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Plaque characteristics independently tied to cardiovascular events

JAMA Cardiology
Reuters Health - 27/11/2020 - In addition to traditional cardiovascular risk factors, inclusion of plaque characteristics beyond thickness alone can enhance prediction of cardiovascular disease (CVD) events.

"We used high-resolution MRI to image atherosclerotic plaques in the carotid arteries of participants without prior evidence for cardiovascular disease in the Atherosclerotic Risk in Communities (ARIC) study," explained Dr. Bruce A. Wasserman of Johns Hopkins School of Medicine, in Baltimore, Maryland.

"Those participants found to have plaque containing a lipid core were at a higher risk for future cardiovascular events, which included coronary heart disease events and ischemic strokes," he told Reuters Health by email.

Dr. Wasserman and colleagues note in their paper in JAMA Cardiology that despite some positive findings, it remains unclear "whether measures of MRI plaque characteristics are associated with cardiovascular events independent of measures of plaque burden at the population level."

To investigate, they followed 1,256 participants in the ARIC MRI substudy for a median of 10.5 years. All had complete data and MRI showed that a lipid core was present in 403 (32%) and calcification was detected in 376 (30%),

Overall, 172 participants (14%) experienced a total of 183 incident cardiovascular events. These comprised 125 coronary-heart-disease events, among them 72 myocardial infarctions, as well as 58 ischemic strokes.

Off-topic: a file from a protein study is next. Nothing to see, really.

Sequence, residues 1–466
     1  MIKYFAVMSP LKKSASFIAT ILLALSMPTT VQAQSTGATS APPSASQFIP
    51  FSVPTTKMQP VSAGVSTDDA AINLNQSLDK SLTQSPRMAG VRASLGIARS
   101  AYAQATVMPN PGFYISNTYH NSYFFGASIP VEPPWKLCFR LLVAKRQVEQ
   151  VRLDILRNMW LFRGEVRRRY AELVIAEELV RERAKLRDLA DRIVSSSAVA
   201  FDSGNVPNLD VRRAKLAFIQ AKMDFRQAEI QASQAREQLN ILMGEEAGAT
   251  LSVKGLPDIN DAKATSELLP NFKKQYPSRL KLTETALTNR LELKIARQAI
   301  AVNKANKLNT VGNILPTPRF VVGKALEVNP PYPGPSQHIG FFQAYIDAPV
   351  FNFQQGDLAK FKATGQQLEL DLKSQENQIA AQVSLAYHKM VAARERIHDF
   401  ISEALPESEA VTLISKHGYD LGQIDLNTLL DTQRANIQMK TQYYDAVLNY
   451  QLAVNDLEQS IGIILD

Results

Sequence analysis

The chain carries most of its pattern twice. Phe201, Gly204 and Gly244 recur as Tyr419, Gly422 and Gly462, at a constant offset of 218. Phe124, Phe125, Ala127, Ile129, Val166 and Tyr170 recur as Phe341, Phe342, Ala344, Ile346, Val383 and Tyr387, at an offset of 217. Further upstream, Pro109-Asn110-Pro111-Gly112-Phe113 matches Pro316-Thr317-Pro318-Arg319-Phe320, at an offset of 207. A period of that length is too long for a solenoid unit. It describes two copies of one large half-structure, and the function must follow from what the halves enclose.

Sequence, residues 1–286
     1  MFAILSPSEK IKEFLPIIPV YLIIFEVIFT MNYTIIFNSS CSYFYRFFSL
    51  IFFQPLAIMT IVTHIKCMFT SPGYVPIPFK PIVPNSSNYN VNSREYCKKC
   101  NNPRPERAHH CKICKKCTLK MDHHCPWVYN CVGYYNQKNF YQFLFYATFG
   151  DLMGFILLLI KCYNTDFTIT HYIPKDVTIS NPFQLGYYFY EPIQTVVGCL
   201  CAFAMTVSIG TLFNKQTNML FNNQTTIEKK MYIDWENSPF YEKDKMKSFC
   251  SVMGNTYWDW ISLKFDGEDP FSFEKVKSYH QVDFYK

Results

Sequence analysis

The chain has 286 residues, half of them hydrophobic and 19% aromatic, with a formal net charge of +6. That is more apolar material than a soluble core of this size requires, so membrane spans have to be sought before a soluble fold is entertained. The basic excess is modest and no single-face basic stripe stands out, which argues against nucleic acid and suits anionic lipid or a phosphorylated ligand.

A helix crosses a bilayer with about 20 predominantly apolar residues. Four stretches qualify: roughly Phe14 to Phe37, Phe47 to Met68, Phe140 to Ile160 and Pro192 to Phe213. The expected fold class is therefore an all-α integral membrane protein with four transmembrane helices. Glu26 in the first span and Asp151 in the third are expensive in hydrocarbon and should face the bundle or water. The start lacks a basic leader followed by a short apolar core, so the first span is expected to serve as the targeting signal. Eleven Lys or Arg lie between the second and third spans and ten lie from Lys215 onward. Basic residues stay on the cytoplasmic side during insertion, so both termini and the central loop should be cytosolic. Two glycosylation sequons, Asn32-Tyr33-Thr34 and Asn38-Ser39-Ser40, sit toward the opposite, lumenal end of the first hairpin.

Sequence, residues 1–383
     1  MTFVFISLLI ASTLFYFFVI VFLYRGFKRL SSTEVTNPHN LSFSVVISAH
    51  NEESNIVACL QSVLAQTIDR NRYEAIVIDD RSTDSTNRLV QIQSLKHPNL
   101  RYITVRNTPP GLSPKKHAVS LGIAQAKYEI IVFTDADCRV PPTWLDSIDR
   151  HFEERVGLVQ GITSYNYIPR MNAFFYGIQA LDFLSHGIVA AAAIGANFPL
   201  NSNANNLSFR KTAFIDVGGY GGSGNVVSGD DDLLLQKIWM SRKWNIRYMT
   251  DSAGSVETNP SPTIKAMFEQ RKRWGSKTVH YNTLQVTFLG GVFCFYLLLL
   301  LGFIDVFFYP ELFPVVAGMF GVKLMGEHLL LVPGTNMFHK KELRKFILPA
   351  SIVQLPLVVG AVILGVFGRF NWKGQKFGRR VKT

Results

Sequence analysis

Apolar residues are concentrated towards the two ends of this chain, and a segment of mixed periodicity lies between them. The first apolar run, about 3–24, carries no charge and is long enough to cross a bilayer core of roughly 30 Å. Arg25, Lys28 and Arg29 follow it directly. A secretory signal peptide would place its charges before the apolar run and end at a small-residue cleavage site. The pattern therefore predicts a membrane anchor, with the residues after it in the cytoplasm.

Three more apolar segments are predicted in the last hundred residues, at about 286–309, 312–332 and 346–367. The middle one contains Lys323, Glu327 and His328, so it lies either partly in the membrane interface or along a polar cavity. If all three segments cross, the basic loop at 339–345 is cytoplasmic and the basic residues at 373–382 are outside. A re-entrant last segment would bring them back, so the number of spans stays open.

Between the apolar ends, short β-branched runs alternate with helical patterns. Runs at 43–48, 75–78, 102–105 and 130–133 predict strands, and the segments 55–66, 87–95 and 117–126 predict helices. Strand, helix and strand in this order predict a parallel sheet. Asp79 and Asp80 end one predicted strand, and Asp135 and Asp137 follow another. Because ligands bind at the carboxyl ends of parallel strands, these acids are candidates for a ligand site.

Comparison of carotid-artery plaques between patients with and without incident CVD events showed a significantly higher normalized wall index. This was also the case for maximum carotid-artery wall thickness, maximum carotid-artery stenosis, and when present, greater lipid-core volume.

As opposed to presence of a lipid core, calcification was not independently associated with incident CVD events. After adjustment for traditional risk factors and carotid-artery wall thickness, lipid-core presence was associated with a hazard ratio of 2.48 (P=0.003).

The finding "offers insight into identifying CVD risk in asymptomatic individuals in a community-based population beyond what can be achieved using traditional risk factors and plaque thickness," said Dr. Wassermann.

The study did not have commercial funding.

SOURCE: https://bit.ly/37bOD0q JAMA Cardiology, online November 18, 2020.

By David Douglas

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